With a new generation of home PCs using 64-bit chips due to go on sale within the year, BBC ClickOnline's Chris Long looks at the quest for faster processing.
Processors started off with four bits. Then they went to eight, then 16, and then to 16 with eight in and eight out.
AMD planning 64-bit chips for home computers
Then they went to 32 but not full 32. And then it went to 32 bits proper and after that 64 bits.
It might all sound confusing but the bottom line is the more bits you have, the mightier the processor.
The processor is the brain of a computer. It runs the operating system and applications, so the more powerful the processor the faster the operating system and the applications are.
You can run the processor faster, much as you can run an engine faster. Or you can rebuild the processor and give it more bits to play with, much like increasing the size of an engine by adding cylinders.
The first ever processor, born in 1971, was called the 4004. It was a four-bit chip, made by Intel. It was only powerful enough to power an adding machine.
Now there is the Itanium 2, Intel's latest 64-bit processor.
For the Itanium 2, Intel has modified the chip's instruction set
To achieve its 64 'bitness', though, Intel has not only added the extra bits but has modified the chip's instruction set - the internal commands that run the processor.
In other words the processor needs a special 64-bit version of Windows to run Microsoft's operating system, and 64-bit programs to run on that.
The key question is whether home users need computers that can crunch numbers far more deftly than the machines on most people's desks.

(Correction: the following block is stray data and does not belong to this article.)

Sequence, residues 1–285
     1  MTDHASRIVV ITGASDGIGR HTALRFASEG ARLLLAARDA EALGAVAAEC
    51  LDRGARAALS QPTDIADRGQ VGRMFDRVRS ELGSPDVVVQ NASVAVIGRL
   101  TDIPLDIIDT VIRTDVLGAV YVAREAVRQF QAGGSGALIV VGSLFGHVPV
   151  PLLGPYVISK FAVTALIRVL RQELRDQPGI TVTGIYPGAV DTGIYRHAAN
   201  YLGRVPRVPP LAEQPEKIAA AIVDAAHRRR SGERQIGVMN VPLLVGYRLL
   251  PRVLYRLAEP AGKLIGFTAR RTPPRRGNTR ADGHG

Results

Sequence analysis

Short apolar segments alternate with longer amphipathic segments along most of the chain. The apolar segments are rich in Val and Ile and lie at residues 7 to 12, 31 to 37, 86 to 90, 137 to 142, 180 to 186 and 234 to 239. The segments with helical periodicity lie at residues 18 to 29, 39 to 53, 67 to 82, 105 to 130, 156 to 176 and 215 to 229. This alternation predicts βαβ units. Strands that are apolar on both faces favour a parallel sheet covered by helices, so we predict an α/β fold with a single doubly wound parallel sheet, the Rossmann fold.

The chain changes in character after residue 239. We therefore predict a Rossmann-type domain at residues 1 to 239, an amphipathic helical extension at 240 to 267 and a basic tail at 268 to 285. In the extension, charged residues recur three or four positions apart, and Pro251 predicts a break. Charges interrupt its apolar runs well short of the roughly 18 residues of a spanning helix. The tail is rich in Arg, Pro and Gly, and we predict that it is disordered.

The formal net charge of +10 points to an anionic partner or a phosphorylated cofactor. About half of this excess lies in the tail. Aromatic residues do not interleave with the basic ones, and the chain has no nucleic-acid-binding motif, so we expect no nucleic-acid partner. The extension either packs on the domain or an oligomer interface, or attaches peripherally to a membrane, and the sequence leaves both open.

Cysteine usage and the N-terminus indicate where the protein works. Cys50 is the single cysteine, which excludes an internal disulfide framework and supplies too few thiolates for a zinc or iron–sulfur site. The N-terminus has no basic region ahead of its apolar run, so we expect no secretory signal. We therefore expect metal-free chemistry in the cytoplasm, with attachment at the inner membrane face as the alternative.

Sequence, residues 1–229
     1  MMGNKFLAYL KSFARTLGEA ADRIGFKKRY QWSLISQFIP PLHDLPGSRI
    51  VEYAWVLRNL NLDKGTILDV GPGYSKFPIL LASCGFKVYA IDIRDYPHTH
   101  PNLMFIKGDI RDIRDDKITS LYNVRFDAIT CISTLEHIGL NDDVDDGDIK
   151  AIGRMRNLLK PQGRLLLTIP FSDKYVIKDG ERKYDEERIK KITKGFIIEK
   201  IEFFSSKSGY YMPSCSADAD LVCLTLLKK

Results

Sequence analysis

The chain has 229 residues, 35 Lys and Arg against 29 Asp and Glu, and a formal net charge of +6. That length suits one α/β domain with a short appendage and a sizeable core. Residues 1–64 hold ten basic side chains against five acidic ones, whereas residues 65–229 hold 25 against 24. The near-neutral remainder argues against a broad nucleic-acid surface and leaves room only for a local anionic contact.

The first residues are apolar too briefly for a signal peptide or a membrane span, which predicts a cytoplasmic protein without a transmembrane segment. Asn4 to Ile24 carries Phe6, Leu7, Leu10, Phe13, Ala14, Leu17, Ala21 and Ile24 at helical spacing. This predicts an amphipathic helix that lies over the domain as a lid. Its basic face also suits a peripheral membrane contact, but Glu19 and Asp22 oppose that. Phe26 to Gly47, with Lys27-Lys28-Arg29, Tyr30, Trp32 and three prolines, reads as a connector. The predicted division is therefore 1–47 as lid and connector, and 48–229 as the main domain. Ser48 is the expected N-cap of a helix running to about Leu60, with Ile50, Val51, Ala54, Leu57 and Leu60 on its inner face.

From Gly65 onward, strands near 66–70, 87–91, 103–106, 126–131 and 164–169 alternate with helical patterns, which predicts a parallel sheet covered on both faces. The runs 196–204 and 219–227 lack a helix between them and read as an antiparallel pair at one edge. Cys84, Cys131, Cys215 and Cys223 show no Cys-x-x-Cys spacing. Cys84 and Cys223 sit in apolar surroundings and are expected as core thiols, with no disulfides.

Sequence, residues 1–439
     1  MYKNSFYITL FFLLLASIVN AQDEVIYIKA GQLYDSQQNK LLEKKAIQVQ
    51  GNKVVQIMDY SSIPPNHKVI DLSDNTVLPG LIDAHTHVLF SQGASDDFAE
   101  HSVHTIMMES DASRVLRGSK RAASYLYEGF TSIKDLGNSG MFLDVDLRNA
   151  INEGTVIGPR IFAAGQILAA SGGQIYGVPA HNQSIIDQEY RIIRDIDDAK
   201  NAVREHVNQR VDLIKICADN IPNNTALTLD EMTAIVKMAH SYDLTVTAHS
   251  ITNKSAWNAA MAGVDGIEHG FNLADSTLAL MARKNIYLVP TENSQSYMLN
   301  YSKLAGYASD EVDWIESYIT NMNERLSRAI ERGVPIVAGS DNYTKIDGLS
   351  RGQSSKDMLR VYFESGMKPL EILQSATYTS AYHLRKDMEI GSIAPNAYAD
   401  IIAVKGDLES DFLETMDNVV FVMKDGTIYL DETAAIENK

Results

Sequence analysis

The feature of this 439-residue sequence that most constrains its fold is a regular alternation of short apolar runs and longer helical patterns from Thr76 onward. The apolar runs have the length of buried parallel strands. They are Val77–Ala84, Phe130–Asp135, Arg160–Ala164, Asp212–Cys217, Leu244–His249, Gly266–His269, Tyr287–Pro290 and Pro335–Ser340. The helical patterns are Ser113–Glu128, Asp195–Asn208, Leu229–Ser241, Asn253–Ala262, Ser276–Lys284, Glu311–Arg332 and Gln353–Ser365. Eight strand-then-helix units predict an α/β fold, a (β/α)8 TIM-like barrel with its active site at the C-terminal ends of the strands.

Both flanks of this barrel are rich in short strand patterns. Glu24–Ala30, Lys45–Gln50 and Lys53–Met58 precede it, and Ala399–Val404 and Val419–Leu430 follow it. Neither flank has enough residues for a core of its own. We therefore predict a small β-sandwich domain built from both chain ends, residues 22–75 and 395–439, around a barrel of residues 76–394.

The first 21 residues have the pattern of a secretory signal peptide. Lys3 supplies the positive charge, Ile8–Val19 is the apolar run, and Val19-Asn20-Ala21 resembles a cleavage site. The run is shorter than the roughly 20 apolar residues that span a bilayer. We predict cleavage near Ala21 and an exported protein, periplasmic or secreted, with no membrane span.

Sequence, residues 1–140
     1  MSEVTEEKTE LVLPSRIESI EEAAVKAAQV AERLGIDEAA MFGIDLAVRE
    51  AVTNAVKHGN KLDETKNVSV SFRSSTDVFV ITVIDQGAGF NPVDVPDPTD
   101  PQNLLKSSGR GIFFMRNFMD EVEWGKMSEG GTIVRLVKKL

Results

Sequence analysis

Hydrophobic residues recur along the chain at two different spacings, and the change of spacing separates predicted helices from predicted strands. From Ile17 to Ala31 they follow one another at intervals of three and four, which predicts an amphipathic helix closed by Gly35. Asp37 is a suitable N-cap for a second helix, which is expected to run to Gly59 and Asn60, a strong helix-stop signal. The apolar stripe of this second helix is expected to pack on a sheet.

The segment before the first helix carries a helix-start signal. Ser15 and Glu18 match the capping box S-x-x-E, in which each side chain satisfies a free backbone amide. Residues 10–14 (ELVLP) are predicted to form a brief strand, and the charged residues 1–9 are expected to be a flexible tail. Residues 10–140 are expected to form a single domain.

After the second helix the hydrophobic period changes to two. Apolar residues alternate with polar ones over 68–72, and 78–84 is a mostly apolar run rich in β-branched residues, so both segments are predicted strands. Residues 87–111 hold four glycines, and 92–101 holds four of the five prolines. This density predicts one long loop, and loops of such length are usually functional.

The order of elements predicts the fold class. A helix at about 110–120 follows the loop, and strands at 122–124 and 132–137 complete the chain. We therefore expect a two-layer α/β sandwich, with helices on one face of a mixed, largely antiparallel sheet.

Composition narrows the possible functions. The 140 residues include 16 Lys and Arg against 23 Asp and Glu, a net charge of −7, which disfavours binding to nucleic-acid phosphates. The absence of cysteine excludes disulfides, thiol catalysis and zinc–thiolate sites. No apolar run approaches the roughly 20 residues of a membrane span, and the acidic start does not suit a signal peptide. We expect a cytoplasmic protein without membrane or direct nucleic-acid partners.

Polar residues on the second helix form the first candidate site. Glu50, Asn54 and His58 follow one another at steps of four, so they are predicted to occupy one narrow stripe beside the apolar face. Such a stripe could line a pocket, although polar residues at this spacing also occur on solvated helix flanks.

"Today all the applications, and all the desktop operating systems run with 32-bit code. So it does not make any difference if you have a 64-bit processor or not," said Intel's Sharad Ghandi.
Intel rival Advanced Micro Devices, (AMD), has a different message for consumers.
It is planning to introduce the first 64-bit chips for home computers in September.
CLICKONLINE BROADCAST TIMES
Saturday 0130 / 0730
Tuesday 0130 / 0830
All times GMT
"Over time 64-bit computing for the consumer will take over just as 32-bit superseded 16-bit," predicted Hector Ruiz, AMD's Chief Executive Officer.
A computer using AMD's Athlon 64 chip will be able to run software designed for today's machines, but it will not be much faster than any other computer.
"Now, if you buy our 64-bit chip you can process the old 32-bit applications and the new 64-bit applications, which will start appearing on the market in the first quarter of next year," said Mr Ruiz.
Consumers may feel confused by Intel and AMD's number game, but there can be little doubt that this is the year of 64 bits.